When All Is Done -
Paul Laurence Dunbar
medium voice and piano
all is done, and my last word is said,
And ye who loved me murmur, “He is dead,”
Let no one weep, for fear that I should know,
And sorrow too that ye should sorrow so.
When all is done and in the oozing clay,
Ye lay this cast-off hull of mine away,
Pray not for me, for, after long despair,
The quiet of the grave will be a prayer.
For I have suffered loss and grievous pain,
The hurts of hatred and the world’s disdain,
And wounds so deep that love, well-tried and pure,
Had not the pow’r to ease them or to cure.
When all is done, say not my day is o’er,
And that thro’ night I seek a dimmer shore:
Say rather that my morn has just begun,--
I greet the dawn and not a setting sun,
When all is done.
pages, circa 4' 00" ]
text is found in Dunbar's collection, Lyrics of the Hearthside, 1899.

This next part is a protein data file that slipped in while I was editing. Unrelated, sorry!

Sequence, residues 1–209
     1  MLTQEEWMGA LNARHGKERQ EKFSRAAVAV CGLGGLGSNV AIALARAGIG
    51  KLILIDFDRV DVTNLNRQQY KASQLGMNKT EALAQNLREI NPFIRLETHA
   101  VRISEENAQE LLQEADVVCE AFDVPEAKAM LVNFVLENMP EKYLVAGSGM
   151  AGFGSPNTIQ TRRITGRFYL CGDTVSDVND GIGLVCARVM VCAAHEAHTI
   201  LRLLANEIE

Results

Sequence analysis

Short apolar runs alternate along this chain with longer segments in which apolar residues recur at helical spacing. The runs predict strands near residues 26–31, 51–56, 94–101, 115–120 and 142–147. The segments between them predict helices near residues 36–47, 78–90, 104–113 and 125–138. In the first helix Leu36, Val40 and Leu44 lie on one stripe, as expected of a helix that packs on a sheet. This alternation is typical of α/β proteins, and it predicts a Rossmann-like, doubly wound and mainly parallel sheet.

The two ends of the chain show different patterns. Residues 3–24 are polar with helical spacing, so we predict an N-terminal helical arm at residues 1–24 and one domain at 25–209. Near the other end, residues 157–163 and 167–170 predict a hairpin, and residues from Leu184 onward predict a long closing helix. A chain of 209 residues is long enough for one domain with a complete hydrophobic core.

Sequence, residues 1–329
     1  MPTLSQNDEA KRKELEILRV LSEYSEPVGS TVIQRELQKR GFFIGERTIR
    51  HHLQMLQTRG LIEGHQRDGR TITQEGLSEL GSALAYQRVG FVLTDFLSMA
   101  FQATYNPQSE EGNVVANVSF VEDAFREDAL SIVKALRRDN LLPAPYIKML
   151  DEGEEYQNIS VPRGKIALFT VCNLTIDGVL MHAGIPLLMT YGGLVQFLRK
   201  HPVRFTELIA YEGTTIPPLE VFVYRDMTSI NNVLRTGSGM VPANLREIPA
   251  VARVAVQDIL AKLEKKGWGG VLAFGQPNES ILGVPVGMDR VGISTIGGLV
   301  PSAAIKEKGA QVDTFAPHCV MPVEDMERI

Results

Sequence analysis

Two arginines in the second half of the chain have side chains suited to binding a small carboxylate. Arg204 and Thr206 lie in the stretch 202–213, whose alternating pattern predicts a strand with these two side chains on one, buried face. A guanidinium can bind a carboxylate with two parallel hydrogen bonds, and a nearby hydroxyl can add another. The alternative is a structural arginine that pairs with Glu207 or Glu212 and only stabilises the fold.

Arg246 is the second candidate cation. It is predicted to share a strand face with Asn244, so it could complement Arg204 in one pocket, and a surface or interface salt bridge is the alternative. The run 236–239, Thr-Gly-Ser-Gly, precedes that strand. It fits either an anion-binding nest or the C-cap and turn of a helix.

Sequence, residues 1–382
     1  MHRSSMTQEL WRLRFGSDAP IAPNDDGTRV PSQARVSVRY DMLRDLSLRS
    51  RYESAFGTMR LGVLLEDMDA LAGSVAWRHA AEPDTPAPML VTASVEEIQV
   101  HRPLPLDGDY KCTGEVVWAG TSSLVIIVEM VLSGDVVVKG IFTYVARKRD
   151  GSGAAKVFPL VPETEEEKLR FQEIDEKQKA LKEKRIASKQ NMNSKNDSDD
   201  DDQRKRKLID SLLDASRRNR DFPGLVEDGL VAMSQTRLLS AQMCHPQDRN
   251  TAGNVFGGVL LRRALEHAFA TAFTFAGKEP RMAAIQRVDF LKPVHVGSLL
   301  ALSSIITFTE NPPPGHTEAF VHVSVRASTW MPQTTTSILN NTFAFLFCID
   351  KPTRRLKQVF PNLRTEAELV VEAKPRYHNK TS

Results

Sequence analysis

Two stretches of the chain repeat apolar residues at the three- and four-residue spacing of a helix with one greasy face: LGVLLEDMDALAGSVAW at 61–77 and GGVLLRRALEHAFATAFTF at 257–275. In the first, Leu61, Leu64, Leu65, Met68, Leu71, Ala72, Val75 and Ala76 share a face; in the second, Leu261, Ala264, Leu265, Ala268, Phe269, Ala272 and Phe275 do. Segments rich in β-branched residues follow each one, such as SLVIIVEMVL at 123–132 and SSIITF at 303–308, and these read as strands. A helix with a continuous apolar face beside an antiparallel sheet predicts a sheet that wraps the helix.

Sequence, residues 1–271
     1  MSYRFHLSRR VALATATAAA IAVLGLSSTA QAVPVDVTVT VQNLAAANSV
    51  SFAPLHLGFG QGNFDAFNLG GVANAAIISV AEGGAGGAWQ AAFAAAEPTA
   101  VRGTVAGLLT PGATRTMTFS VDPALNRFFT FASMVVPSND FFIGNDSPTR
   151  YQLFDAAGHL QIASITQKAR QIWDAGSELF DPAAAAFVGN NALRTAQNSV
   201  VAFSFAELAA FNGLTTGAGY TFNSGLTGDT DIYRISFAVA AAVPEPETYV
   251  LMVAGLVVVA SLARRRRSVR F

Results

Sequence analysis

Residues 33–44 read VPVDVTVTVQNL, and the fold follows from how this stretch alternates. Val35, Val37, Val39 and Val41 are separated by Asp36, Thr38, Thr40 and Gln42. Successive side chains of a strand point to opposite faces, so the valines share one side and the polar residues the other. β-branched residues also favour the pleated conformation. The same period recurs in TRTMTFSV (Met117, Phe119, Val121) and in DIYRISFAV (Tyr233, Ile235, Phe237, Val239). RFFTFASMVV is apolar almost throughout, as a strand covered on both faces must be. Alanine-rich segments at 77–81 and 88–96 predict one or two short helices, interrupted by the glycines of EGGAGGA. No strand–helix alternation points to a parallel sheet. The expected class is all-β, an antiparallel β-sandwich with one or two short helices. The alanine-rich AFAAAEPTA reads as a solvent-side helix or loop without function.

Musing about what a eulogist might say at the funeral celebration of a life
is a universal stirring among men, whether in humor or sarcasm, seriousness
and with religiosity, or in some other of man's many modes of thought and
fear. Dunbar offers a hymn of hope in his metaphor, "greet the dawn." Not
his alone of course, for this sentiment is shared by many. It was among the
sentiments my mother expressed over my father's funeral, and for this it has
become mine as well. Dunbar says it beautifully, while recalling loss and
pain in the same few stanzas. For other of my song settings to this classic
American poet, click
form is a simple AABA with a short coda of sorts. Dressed in shades of
quieter dynamics, it rises to recall the pains in life, and retires into
pianissimi to ponder the peace of death.
The score is available as a free PDF download, though any major
commercial performance or recording of the work is prohibited without prior
arrangement with the composer. Click on the graphic below for this
When All Is Done